blogged a couple weeks ago, Google is making a strong statement in favor of blogs, RSS and open publishing, by adding RSS to its Chrome browser.s I
Users will be able to hit an RSS link built into the browser in order to see all future updates from the site. A slick feature for law firm blogs, of which there are many, and legal news from law firm websites, of which there is a lot of.
A lot of law firms don’t know what RSS is though. As I wrote ten days ago, law firms aren’t operating websites (which sites include blogs and news sections) with RSS sites. Their content can’t be seen in news readers nor in Google Chrome’s RSS reader.
Crazier yet is that the RSS feeds of many law firms, including some very large firms, aren’t set up properly.
The busiest and most influential people, the ones who use RSS and RSS readers can’t get their content.
More embarrassing is when a law firm broadcasts that its RSS feeds are set up improperly. Users see a hodgepodge of feeds that have been made so complicated they’ll not be used.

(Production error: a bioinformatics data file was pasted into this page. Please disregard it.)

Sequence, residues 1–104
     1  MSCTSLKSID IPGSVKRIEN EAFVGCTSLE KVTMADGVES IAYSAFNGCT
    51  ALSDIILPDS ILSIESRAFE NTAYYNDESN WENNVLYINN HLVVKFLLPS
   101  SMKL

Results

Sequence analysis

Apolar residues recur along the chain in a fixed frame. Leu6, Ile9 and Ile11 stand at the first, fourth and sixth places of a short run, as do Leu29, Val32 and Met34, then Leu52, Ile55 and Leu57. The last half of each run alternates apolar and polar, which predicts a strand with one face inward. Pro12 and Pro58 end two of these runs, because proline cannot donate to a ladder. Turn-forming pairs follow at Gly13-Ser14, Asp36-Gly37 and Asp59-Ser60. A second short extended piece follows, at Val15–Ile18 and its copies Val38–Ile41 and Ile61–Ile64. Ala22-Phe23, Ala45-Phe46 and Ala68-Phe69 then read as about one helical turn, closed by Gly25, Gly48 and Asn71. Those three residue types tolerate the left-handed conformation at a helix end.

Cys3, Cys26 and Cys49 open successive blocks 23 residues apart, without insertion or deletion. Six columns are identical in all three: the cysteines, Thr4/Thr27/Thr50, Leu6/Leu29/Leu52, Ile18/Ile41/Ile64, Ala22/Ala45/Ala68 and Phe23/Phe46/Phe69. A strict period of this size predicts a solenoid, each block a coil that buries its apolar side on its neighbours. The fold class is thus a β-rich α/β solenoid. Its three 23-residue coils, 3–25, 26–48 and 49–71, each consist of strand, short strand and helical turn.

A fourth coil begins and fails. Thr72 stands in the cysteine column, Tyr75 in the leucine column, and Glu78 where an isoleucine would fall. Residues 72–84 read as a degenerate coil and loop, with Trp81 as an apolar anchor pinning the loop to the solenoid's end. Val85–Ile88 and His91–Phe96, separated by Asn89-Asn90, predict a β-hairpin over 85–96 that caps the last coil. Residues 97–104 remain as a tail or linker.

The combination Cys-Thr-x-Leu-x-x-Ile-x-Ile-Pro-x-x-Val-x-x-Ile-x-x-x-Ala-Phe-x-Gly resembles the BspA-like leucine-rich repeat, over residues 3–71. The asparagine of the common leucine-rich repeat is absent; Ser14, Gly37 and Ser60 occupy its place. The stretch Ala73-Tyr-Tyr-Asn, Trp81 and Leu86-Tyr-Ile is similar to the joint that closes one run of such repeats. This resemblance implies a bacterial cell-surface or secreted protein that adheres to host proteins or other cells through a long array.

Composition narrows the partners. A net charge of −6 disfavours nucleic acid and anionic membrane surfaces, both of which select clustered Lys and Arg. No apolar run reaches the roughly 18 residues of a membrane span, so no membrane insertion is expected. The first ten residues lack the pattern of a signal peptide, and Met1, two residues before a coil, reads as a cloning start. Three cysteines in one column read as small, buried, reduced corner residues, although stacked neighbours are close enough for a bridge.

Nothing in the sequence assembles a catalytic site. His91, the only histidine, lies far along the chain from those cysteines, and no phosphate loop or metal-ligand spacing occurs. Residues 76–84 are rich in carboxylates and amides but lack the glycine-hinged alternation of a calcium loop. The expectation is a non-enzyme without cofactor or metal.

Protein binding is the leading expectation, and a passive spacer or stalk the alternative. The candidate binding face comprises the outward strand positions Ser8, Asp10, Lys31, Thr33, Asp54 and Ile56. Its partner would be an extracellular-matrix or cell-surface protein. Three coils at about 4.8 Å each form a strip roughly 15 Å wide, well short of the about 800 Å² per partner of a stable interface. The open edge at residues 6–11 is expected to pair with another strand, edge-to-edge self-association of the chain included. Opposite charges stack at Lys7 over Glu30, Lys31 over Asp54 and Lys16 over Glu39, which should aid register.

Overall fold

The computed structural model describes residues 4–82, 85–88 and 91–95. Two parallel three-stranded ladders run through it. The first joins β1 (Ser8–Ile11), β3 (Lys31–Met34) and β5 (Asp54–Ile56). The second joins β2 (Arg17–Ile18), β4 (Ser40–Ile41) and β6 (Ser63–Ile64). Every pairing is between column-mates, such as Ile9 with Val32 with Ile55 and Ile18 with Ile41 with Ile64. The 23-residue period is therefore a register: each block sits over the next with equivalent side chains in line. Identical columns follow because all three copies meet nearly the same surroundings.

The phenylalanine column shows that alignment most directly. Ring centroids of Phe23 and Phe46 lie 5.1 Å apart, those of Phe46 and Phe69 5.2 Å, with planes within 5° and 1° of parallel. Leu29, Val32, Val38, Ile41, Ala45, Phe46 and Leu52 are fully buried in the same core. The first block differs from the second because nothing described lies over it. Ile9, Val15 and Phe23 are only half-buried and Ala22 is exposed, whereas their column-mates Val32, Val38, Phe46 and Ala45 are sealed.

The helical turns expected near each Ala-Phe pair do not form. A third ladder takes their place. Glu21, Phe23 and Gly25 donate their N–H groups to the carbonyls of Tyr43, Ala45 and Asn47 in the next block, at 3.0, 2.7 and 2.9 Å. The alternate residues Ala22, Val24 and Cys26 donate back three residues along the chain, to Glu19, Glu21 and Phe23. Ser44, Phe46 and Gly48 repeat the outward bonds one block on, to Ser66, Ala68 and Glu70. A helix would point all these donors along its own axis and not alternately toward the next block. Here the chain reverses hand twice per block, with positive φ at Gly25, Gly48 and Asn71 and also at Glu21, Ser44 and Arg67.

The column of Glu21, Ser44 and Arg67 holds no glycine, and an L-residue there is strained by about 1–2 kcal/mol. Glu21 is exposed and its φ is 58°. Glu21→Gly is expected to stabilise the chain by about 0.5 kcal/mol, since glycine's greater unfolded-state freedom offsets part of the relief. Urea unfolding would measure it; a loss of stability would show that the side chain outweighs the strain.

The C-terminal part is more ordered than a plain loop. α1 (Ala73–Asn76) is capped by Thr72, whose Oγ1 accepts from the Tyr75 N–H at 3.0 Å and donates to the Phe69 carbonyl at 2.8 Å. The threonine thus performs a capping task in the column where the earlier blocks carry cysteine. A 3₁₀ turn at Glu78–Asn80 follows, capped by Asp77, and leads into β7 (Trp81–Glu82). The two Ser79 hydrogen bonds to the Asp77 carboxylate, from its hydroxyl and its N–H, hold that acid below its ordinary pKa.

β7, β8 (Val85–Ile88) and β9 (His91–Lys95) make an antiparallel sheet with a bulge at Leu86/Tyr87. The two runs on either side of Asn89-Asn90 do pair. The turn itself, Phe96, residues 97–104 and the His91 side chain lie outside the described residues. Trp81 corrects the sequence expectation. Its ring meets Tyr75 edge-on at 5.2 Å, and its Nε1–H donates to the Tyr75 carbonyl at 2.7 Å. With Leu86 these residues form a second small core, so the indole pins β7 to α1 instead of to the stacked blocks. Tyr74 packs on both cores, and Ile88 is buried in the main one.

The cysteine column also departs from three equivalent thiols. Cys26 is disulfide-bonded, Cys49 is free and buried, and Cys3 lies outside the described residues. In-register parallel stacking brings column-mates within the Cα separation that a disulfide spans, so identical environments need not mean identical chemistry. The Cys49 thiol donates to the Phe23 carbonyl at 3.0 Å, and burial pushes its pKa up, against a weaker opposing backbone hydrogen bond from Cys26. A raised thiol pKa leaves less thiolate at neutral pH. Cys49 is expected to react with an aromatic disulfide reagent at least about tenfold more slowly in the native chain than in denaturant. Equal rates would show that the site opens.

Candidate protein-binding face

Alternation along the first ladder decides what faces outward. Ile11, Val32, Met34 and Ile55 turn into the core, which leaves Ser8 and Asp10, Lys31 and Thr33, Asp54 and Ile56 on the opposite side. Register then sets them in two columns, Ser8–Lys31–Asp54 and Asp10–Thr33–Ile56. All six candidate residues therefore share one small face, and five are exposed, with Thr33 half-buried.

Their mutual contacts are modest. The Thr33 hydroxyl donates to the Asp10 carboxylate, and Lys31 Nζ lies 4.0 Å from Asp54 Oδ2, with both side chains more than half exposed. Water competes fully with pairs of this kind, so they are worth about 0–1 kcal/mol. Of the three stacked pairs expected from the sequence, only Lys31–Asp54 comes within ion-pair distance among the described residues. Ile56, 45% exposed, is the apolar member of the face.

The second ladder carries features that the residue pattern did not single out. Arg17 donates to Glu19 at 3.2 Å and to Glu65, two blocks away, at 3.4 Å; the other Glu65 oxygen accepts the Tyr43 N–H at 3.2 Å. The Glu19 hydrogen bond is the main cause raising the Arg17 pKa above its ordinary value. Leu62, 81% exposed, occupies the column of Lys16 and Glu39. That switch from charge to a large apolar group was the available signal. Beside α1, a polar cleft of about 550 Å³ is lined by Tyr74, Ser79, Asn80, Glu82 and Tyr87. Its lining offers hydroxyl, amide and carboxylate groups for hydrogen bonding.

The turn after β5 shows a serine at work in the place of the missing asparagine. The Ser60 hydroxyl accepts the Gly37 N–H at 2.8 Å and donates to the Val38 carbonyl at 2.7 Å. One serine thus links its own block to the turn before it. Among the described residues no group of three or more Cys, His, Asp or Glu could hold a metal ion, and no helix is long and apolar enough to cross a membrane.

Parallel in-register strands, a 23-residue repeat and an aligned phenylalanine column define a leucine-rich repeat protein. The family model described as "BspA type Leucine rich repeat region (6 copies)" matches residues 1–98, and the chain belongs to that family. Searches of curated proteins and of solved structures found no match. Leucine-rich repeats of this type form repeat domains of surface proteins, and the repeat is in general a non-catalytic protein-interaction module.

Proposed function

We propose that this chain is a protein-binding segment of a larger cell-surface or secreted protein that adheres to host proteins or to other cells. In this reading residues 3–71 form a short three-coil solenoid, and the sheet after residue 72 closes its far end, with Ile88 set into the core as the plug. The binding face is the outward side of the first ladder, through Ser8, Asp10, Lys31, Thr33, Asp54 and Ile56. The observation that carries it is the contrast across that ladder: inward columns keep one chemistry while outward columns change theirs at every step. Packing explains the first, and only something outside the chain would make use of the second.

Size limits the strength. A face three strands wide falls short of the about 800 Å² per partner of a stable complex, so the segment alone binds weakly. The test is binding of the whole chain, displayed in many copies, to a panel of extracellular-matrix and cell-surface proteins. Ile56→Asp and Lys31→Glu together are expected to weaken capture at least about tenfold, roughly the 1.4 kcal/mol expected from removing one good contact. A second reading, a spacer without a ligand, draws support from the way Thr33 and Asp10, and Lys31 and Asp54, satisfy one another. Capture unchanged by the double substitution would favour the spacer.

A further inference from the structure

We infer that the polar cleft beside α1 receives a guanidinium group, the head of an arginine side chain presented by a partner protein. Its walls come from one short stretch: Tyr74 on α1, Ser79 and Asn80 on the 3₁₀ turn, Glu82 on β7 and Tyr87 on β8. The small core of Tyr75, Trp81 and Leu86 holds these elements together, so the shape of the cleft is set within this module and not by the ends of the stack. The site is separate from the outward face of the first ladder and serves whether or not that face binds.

Users of the RSS feeds see it, while the firm’s lawyers, marketing professionals and website development folks don’t.
Hard to say you’re a tech savvy and innovative law firm when you cannot stay up with your peers on something as relatively simple as RSS.
Poorly set up RSS feeds may have been okay when Google was not shining a light on RSS as it is now. No longer.
Law firms should turn to the lawyers and other legal professionals in the firm and find out who regularly uses a RSS reader for following sources and subjects in the news. What do they think of the firm’s RSS feeds?
Ask some clients and influencers to get a feel.
Google is making a big statement here. Not only for RSS, but also for open law, as opposed to traditional legal publishing.
You’ll want your news and insight to be included in this growing body of open law. And not to look foolish in your attempt to do so.